The Latest on Trump’s D-Day Commemorations in France

The Latest on Trump’s D-Day Commemorations in France

(Bloomberg) — Donald Trump and French President Emmanuel Macron spoke to reporters after attending D-Day commemorations in northern France. They reaffirmed the importance of their alliance and again paid tribute to veterans who stormed the beaches of Normandy 75 years ago.

Time stamps are in local time.

Key Developments:

Trump reiterated that the U.S. could impose tariffs on another $300 billion of Chinese goods unless there’s a trade deal “Something pretty dramatic” could happen in talks with MexicoPresident underlined the “unbreakable bond” with U.S. allies in speechIn his speech, Macron paid tribute to the U.S, and also NATO and the European Union

Trump Says He, Macron Have No Differences on Iran (15:20 p.m.)

“I don’t think the president wants to see nuclear weapons and neither do I,” Donald Trump tells reporters, sitting next to French President Emanuel Macron.

“If they want to talk that’s fine,” Trump said of Iran.

Macron said, “we do share the same objectives on Iran” and “we want to be sure they don’t get nuclear weapon.” He added: “we need to open a new negotiation” with Iran.

Trump Says Tariffs Decision to Come in 2 Weeks (15:00 p.m.)

Taking a question on China, Trump said the U.S. will likely decide on next steps regarding an additional $325 billion in tariffs on Chinese imports over the next two weeks. He said the decision could happen sometime around the upcoming G-20 meeting.

Macron and Trump Met For Talks (2:55 p.m.)

The two leaders spoke to reporters in a government office in Caen. The French president paid tribute again to the U.S.’s D-Day veterans, and then made the link to their countries’ continued military cooperation in West Africa, Iraq and Syria.

“It’s all part of our international actions to preserve peace,” Macron said. Winking at Trump, he added “the values we share go beyond us.”

Macron said they’ll discuss “zones of tension” such as Iran and Middle East. “What’s important is to have a common view. We overcame the yoke of Nazism because all the allied armies came tomorrow around something that is key to American and French values, the love of liberty. When liberty and democracy are in danger, we come together.”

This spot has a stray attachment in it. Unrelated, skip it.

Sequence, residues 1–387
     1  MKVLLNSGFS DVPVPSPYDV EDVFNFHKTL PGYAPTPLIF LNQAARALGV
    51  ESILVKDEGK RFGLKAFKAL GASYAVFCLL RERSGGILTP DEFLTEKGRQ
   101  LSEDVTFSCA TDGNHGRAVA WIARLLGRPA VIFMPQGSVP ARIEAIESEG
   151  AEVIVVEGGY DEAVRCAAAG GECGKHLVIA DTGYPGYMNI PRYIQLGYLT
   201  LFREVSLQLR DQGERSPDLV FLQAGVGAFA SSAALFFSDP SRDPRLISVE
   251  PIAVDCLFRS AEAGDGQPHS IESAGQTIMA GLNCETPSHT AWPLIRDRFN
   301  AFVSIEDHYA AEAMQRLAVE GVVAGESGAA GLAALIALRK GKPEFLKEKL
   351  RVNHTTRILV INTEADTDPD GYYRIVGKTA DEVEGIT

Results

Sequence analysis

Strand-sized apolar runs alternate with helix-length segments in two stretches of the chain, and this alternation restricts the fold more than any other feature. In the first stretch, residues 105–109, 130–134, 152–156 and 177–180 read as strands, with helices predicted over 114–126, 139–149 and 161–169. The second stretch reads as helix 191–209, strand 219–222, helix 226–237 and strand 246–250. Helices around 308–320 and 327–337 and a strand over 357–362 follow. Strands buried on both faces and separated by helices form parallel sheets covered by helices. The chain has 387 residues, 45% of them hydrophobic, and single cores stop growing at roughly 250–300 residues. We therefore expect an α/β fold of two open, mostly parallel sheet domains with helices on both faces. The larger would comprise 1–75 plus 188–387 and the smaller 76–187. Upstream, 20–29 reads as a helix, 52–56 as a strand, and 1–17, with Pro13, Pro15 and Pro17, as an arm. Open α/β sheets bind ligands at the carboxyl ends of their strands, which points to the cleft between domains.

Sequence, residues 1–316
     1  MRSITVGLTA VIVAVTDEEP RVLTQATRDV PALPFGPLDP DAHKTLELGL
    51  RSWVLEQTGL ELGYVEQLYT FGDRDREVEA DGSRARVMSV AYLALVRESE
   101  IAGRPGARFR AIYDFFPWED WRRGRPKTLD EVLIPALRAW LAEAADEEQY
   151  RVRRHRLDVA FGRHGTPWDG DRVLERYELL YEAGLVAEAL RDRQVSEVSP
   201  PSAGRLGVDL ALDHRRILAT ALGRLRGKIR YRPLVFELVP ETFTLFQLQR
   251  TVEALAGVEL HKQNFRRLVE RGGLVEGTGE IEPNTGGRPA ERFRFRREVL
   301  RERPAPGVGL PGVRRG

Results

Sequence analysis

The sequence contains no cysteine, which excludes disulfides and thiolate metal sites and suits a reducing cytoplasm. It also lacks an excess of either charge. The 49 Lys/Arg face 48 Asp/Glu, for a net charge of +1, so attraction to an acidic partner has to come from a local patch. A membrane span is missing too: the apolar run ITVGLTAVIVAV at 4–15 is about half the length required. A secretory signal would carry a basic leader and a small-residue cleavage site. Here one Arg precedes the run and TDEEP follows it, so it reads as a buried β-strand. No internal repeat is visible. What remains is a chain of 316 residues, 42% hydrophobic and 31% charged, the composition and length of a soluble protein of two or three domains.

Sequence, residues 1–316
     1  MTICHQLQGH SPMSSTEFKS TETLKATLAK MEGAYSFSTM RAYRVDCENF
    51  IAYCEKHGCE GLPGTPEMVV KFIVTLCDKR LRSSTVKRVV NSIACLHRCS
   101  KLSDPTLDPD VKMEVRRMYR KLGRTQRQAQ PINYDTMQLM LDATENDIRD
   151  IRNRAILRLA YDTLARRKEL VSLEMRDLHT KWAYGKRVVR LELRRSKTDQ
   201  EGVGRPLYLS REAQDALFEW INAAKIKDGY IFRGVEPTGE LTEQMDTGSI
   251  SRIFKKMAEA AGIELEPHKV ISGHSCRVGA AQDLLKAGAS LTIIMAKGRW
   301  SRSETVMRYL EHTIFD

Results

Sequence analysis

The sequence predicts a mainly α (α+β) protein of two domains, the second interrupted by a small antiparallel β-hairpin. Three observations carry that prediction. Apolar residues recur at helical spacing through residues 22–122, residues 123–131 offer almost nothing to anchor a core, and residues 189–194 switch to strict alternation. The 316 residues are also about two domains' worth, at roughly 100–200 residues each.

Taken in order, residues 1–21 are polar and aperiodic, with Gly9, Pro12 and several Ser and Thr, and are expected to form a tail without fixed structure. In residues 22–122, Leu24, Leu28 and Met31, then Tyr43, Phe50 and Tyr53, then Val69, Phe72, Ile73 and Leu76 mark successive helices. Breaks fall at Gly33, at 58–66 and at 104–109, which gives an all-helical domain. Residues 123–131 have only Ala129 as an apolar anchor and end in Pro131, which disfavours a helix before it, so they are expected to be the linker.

Trump and Macron Linger at Ceremony’s End (1:35 p.m.)

When the ceremony was over, Trump and Macron walked with their wives from the cemetery down to a bluff overlooking the beach, where they watched cannons fire and planes –both vintage and modern — fly overhead.

The two men have long bonded over French-U.S. military history and Macron initially sought to use memories of the the world’s oldest military alliance as a stepping stone to curtail the U.S. president’s isolationist tendencies. But the relationship dimmed over disagreements on issues like climate change, arms control and the Iran deal.

There was no sign of rancor, however, as Macron and Trump paid tribute to veterans and the fallen — though Macron pleaded in his speech that the U.S. live up to the ideals of the Normandy landings and re-engage with its allies.

Trump Reaffirmed Importance of Ties With Europe (12:50 p.m.)

Donald Trump was unequivocal in reaffirming the importance of the U.S. alliance with Europe, without his usual complaints that other NATO countries don’t spend enough on their own militaries.

“Our cherished alliance was forged in the heat of battle, tested in the trials of war and proved in the blessings of peace,” he said. “Americans are drawn to this place as though it were part of our very soul.”

Trump Praises D-Day Veterans (12:48 p.m.)

The President saluted the more than 9,000 American soldiers buried at Omaha Beach and about 60 American veterans who made the trip for the commemoration, in a speech tinged with nationalism.